The day after Amazon announced its search in September 2017, I predicted Boston would not get it. Then the New York Times confirmed the WSJ's scoop and added that New York City and a suburb of Washington, D.C., would get the highly sought after offices. Cuomo offered to travel to Amazon's Seattle hometown to continue talks, the source said.
The business publication says Amazon may make the announcement this week. About 40 percent of people over 25 in the Long Island City area have a bachelor's or higher degree, slightly above the citywide rate, the Furman Center's data shows.
According to The Wall Street Journal, Amazon plans to split its HQ2 evenly between two of the biggest metropolitan areas on the East Coast: Crystal City, Virginia (right across the Potomac River from Washington, D.C.) and none other than New York City.
The split of the second headquarters dilutes the company's original promise of a megadeal, which cities and counties had been chasing with stunts and gimmicks, investing thousands of dollars in websites and presentations.
The Journal then reported Sunday that Amazon was talking with several cities, including suburban Washington, Dallas and NY. But building a new city around a single employer risks creating a community that will collapse if the employer ever pulls out.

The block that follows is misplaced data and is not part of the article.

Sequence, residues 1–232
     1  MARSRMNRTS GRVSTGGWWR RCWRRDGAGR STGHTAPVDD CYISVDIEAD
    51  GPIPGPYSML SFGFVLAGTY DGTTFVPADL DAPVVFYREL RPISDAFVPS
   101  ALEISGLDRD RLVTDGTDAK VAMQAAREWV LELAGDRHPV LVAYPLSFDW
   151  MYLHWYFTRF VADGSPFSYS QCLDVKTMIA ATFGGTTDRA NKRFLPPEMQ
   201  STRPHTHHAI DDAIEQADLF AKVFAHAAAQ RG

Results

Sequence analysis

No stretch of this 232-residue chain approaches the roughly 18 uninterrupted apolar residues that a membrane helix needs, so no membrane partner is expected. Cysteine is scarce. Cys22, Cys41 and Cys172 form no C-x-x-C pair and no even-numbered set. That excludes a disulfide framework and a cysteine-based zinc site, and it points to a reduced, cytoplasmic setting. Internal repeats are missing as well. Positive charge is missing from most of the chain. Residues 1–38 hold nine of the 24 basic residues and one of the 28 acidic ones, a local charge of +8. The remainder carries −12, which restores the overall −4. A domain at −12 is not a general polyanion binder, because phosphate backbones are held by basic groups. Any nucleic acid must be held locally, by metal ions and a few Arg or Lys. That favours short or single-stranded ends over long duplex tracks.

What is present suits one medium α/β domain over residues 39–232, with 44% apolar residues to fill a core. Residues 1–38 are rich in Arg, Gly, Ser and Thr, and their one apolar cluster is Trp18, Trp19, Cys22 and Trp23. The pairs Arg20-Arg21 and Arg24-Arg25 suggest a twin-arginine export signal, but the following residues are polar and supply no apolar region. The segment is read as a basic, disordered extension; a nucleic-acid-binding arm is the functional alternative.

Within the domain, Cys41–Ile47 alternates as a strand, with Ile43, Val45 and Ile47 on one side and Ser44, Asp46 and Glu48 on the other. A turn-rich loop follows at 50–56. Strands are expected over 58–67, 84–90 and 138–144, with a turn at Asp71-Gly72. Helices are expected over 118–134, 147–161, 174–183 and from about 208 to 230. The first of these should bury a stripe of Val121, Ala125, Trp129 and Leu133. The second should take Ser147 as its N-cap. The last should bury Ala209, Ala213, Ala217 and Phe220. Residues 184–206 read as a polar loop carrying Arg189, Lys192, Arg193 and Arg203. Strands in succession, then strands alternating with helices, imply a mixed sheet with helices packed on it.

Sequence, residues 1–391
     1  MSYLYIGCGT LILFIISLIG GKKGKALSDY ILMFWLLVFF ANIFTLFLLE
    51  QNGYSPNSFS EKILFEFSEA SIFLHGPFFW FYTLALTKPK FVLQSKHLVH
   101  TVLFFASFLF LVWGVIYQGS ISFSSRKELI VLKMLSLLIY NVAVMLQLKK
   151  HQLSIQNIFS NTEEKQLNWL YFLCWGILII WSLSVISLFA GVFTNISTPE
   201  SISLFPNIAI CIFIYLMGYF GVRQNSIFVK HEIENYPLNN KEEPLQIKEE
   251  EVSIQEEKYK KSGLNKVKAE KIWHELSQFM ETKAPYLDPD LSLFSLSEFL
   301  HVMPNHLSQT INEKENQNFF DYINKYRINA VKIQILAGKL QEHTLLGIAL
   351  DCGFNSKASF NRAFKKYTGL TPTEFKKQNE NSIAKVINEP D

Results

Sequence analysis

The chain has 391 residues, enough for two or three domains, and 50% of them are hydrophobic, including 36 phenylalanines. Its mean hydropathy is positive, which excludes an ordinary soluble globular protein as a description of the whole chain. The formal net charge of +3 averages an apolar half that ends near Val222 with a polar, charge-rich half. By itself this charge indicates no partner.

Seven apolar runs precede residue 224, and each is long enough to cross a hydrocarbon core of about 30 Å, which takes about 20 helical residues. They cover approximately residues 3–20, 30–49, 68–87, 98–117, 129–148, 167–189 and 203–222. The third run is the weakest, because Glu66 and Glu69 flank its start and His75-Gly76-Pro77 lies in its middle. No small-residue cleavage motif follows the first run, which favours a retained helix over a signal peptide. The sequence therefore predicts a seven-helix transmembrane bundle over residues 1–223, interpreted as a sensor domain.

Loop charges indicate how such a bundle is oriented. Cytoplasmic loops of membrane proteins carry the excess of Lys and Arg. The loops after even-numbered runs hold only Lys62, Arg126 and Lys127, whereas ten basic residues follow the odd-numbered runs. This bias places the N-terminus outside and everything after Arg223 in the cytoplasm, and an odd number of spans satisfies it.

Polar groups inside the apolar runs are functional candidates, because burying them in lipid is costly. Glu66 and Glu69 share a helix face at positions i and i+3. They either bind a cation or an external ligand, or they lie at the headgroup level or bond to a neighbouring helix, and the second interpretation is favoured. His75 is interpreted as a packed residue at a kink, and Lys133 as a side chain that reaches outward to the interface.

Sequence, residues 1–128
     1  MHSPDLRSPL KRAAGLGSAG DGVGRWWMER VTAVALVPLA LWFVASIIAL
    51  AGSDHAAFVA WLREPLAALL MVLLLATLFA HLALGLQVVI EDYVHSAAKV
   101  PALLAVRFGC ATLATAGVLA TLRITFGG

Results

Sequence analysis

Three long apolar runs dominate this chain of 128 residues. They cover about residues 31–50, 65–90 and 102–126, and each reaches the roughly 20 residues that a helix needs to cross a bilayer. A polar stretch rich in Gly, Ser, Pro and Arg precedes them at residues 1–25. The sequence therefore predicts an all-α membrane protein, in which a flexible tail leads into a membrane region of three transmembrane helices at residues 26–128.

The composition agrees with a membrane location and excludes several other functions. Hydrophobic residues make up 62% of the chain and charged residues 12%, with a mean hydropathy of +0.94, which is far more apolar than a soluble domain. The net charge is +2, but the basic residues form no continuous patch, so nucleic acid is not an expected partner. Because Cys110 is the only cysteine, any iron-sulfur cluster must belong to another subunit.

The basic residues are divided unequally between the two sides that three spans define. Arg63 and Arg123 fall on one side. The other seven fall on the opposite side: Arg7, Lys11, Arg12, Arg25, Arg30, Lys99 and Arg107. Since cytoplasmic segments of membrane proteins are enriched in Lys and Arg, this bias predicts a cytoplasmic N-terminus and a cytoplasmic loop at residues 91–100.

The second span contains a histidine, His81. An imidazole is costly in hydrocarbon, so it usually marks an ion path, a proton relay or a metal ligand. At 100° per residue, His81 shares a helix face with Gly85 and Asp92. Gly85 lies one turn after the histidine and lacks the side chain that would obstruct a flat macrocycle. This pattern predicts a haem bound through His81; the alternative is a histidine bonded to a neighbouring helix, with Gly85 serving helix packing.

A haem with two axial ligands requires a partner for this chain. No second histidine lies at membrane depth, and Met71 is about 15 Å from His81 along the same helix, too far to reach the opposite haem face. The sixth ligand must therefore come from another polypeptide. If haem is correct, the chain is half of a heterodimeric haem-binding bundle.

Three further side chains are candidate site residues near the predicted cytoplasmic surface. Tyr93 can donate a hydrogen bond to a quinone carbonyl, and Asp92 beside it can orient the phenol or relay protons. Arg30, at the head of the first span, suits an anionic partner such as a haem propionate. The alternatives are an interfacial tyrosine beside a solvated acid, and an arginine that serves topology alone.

The Wall Street Journal broke the news over the weekend that Amazon entered into "late-stage talks" with three locations - Dallas, Texas; Arlington, Va.; and New York City.
If Amazon goes ahead with two new sites, it is unclear whether the company would refer to both locations as headquarters or if they would amount to large satellite offices.
But now it seems like Amazon was just being the power-playing and conniving capitalists that Seattleites already know the company for. That's expected to increase as it builds more warehouses across the country to keep up with online orders. Neither location will be anywhere close to equal to Seattle, where Amazon says it now has more than 40,000 employees and has made $3.7 billion in capital investment.
"I call those branch offices-that would be good news", Durkan said. And some tech workers are unlikely to want to live in a sanitized neighborhood with no history or restaurants and stores that have opened organically rather than by design, though Sperling argues that the lack of a commute and a lower cost of living could tempt employees.